How JustAnswer Works:
  • Ask an Expert
    Experts are full of valuable knowledge and are ready to help with any question. Credentials confirmed by a Fortune 500 verification firm.
  • Get a Professional Answer
    Via email, text message, or notification as you wait on our site.
    Ask follow up questions if you need to.
  • 100% Satisfaction Guarantee
    Rate the answer you receive.
Ask lev-tax Your Own Question
lev-tax
lev-tax, Tax Advisor
Category: Social Security
Satisfied Customers: 28084
Experience:  Taxes, Immigration, Labor Relations
870116
Type Your Social Security Question Here...
lev-tax is online now
A new question is answered every 9 seconds

I am currently collecting social security. I work part time,

Customer Question

I am currently collecting social security. I work part time, and social security is being taken out of my check. I was led to believe by speaking with a social security employee, that i don't get any benefit for this. If this is true, where is my money going to.
Submitted: 7 months ago.
Category: Social Security
Expert:  lev-tax replied 7 months ago.
You can work while you receive Social Security retirement (or survivors) benefits. When you do, it could mean a higher benefit for you in the future.Each year the SSA reviews the records for all working Social Security recipients. If your earnings for the prior year are higher than one of the years they used to compute your retirement benefit, they will recalculate your benefit amount. The SSA pays the increase retroactive to January the year after you earned the money.Higher benefits can be important to you later in life and increase the future benefit amounts your family and your survivors could receive.
Expert:  lev-tax replied 7 months ago.
Please verify if you are below your full retirement age?
Expert:  lev-tax replied 7 months ago.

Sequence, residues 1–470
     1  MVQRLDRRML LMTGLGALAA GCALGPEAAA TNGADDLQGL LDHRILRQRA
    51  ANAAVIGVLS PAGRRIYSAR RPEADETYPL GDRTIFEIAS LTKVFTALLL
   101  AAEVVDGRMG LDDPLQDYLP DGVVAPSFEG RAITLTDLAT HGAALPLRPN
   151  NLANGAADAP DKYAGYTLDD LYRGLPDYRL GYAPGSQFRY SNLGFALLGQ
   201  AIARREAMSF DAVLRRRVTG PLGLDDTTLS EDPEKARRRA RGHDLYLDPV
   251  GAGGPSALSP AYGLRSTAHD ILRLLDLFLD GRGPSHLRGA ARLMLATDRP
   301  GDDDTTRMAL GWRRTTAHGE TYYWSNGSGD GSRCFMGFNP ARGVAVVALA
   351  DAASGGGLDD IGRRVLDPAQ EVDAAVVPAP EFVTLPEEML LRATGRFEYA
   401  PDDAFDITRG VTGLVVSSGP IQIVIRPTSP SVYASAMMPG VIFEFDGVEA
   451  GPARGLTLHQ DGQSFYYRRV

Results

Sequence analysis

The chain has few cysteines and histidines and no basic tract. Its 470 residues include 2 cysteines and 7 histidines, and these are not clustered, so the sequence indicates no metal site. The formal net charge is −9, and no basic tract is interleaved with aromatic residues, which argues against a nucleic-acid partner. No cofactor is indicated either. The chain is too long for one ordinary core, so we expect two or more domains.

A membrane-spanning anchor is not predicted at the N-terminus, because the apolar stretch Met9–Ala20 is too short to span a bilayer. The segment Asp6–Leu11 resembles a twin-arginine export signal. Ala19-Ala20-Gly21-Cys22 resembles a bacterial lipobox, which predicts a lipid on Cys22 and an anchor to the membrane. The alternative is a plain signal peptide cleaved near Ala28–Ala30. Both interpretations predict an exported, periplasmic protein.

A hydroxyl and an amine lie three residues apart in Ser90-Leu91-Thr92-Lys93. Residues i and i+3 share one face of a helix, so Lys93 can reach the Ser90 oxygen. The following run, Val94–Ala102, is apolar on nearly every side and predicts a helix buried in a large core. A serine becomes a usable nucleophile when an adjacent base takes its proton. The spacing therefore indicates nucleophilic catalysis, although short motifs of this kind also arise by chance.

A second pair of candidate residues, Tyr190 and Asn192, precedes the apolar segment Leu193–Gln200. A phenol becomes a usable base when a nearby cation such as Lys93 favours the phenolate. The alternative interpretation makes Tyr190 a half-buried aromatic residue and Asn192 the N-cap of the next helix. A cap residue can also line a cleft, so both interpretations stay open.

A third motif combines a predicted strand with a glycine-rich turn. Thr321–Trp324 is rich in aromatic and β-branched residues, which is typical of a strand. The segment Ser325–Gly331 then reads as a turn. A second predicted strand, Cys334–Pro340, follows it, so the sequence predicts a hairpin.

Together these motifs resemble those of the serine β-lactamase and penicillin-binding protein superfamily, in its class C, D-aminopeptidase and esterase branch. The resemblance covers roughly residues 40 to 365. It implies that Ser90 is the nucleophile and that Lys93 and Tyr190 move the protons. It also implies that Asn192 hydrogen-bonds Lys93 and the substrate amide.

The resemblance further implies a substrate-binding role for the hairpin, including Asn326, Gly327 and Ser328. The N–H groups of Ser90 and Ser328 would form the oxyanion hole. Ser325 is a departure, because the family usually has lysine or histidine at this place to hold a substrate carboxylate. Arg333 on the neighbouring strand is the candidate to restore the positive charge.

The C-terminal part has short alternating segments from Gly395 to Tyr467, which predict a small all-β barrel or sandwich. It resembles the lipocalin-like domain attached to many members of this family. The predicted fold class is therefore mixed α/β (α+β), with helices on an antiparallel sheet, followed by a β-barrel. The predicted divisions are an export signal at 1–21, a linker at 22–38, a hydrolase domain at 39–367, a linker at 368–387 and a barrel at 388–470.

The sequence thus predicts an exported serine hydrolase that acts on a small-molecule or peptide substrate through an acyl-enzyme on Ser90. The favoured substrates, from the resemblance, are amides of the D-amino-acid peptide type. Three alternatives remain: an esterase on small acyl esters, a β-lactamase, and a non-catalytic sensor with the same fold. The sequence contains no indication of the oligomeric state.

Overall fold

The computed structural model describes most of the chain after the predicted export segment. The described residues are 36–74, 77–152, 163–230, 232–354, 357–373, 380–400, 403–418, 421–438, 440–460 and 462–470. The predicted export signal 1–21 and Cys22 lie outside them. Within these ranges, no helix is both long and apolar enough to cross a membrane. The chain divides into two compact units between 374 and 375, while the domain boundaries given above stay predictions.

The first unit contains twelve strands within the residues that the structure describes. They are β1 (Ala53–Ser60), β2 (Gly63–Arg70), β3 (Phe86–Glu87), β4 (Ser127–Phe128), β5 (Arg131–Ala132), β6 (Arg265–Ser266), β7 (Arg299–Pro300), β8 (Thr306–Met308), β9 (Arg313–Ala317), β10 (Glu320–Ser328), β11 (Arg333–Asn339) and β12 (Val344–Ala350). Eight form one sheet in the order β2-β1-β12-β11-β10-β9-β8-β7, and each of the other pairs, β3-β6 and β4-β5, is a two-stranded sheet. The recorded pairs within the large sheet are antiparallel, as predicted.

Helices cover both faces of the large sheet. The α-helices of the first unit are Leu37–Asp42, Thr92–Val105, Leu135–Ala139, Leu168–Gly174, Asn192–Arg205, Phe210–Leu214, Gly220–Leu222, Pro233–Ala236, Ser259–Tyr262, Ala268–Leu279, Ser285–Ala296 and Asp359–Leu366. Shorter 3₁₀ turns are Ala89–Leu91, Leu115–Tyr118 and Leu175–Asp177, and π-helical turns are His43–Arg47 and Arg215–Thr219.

Many people wonder how the SSA figures their Social Security retirement benefit.The Social Security Administration bases Social Security benefits on your lifetime earnings.They adjust or index your actual earnings to account for changes in average wages since the year the earnings were received.Then Social Security calculates your average indexed monthly earnings during the 35 years in which you earned the most.And after that - they apply a formula to these earnings and arrive at your basic benefit, or primary insurance amount.This is how much you would receive at your full retirement age.So depending on your earning record - it is possible that there are some missing years or earning.Also additional years of earning might increase your benefits.If so - that could affect your social security benefit calculations and you may contact the Social Security Administration and verify if all information is correct.Following publication might be helpful for better understanding the calculations.https://www.ssa.gov/pubs/EN-05-10070.pdf.Let me know if you need any clarification this matter..I appreciate if you take a moment to rate the answer.Experts are ONLY credited when answers are rated positively.If you still have any doubts, need clarification - please be sure to ask.I am here to help you with all tax related issues.